Is Your Instrumentation Qualified for Intended Use?

The USP is planning to revise their USP<1058> Analytical Instrument Qualification Chapter, August 01, 2017. The planned principal changes to USP<1058> are as follows:

  1. The revised USP chapter introduces the concept of a user-driven risk assessment to establish the level of integrated instrument qualification to demonstrate “fitness for purpose” of the instrument. In addition, the chapter notes that risk assessment should also be conducted for any legacy instrument that is in use and that has not been qualified (or not to current standards) to determine the best course of action.
  2. There is a reference to User Requirement Specifications (URS) and how these should be generated by the instrument user prior to any qualification activity as these define the laboratory needs and the technical and operational requirements.
  3. From the instrument lifecycle perspective, the chapter specifies the criticality of conducting qualification testing after preventative maintenance and unscheduled repairs and post relocation of the instrument. The instrument user’s change control process should assess the level of qualification needed to demonstrate satisfactory operation after the change to the instrument and whether the change necessitates an update to the Design Qualification (DQ) documentation.
  4. Vendor Qualification Documentation Packages should be reviewed by the users to confirm acceptability and alignment with the URS and that they comply with the regulations. In addition, the users will review and approve the test data generated by the vendor after execution of the vendor protocol testing.
  5. The revised USP<1058> places more emphasis on Software Validation and specifies that the instrument Operational Qualification (OQ) should also include confirmation that the configured software (per planned routine use) will capture and analyze the data, adequately report results under conditions of use, has appropriate security/access controls and has an automated audit trail. The chapter references GAMP: A Risk-Based Approach to Compliant GxP Computerized Systems for guidance in relation to validation of computerized software systems.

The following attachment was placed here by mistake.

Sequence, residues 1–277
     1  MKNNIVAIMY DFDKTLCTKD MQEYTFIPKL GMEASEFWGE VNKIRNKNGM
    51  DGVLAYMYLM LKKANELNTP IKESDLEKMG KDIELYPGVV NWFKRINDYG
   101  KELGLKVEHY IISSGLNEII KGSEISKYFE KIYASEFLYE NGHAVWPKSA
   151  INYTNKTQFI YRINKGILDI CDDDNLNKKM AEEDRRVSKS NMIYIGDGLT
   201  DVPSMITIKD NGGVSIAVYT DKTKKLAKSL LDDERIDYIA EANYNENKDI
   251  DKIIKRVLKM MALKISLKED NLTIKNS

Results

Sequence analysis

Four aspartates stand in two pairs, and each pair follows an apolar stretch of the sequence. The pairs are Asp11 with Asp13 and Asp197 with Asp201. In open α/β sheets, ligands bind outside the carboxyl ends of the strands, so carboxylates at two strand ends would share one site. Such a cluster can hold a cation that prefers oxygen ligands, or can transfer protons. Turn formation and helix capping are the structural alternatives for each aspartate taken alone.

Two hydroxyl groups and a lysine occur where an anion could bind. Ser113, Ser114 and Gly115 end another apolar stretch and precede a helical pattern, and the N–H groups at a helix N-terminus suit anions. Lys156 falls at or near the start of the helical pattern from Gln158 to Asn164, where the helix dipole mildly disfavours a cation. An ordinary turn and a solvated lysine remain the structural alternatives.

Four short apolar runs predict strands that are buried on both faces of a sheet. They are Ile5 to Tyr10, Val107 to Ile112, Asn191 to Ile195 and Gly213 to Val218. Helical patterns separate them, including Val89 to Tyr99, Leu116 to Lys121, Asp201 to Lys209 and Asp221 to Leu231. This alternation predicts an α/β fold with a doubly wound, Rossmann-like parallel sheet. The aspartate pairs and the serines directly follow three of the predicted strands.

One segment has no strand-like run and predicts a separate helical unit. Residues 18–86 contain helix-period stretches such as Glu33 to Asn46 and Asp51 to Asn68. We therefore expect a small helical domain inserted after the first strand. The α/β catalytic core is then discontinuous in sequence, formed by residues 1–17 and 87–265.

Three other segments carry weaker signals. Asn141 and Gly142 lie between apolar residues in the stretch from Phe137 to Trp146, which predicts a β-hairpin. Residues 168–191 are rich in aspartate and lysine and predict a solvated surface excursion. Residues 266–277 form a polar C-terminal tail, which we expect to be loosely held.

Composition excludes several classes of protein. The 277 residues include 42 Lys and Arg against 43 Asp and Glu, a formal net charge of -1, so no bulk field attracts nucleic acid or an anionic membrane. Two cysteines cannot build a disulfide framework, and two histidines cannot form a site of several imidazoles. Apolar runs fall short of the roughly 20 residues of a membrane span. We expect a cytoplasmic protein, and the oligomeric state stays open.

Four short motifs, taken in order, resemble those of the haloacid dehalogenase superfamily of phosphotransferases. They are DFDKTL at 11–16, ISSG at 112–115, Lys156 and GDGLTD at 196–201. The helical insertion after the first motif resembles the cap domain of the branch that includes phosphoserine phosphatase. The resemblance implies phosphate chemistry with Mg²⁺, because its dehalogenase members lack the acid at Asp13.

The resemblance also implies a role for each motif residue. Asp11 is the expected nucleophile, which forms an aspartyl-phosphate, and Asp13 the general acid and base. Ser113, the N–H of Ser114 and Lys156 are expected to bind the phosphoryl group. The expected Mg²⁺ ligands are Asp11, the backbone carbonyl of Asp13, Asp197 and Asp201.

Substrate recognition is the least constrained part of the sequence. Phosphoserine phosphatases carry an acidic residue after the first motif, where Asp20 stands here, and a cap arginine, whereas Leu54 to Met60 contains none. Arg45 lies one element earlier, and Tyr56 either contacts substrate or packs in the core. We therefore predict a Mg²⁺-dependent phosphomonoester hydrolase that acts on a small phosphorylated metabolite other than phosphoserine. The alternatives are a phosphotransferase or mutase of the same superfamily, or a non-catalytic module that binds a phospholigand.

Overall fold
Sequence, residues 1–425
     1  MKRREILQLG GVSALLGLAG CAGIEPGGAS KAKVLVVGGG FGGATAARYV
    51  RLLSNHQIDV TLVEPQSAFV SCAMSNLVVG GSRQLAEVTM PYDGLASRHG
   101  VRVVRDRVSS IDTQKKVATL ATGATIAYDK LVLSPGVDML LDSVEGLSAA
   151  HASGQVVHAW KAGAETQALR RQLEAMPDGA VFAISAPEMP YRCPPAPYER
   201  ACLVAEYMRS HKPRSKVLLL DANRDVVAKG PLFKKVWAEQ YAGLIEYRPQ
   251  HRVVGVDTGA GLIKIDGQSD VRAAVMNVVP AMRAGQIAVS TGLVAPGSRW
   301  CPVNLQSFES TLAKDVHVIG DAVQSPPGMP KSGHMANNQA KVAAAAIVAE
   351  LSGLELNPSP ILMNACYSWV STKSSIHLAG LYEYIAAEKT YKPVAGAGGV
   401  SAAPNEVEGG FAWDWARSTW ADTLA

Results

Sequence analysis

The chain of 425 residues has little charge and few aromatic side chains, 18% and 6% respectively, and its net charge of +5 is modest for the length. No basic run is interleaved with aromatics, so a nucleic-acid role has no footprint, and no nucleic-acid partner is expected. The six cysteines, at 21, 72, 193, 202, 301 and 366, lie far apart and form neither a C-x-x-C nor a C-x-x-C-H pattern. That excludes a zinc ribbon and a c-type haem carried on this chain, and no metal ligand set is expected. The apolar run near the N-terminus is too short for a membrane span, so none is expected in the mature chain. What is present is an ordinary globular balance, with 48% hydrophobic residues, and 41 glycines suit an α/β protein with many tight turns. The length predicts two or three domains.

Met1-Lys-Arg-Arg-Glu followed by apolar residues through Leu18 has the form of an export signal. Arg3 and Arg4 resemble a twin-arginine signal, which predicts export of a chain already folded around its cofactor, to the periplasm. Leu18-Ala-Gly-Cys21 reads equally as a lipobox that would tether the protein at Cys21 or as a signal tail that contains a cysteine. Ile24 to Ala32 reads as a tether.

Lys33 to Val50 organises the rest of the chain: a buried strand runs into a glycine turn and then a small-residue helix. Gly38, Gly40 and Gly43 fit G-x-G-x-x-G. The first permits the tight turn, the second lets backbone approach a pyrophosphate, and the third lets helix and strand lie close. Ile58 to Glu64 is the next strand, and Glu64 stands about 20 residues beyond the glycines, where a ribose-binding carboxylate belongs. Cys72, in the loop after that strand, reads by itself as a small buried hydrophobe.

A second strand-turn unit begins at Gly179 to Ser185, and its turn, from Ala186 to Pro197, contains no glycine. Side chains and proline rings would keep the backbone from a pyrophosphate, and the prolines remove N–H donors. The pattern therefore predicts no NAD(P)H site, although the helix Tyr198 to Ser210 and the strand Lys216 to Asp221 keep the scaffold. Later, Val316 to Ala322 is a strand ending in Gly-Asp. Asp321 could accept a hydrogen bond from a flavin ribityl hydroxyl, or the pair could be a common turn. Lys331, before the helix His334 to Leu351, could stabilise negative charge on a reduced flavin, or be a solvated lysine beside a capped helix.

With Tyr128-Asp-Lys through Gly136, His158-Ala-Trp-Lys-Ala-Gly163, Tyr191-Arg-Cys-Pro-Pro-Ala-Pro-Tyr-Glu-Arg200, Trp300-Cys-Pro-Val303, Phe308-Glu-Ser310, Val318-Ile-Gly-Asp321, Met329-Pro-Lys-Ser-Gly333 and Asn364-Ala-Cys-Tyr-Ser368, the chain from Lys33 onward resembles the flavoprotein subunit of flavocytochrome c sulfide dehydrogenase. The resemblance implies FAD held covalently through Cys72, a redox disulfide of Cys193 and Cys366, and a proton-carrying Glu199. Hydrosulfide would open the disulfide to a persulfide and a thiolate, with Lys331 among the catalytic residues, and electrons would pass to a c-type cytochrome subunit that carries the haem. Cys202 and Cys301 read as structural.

6. The Analytical Instrument Qualification (AIQ) package should document the preventative maintenance and calibration (PM/Cal) procedure which in turn should specify the frequency of execution. Each PQ, maintenance and calibration activity must be documented and any failure investigated per a firm’s investigation procedure.
  7. Instrumentation procedures should include periodic review of critical instrumentation to confirm that they continue to operate under a state of control.

For further information or questions relating to any aspect of Analytical Instrumentation Qualification, including verifying that as the user, there is assurance that the instrument has been qualified for intended use, please contact Paul Mason, Ph.D. at p.mason@lachmanconsultants.com or James Davidson, Ph.D. at j.davidson@lachmanconsultants.com.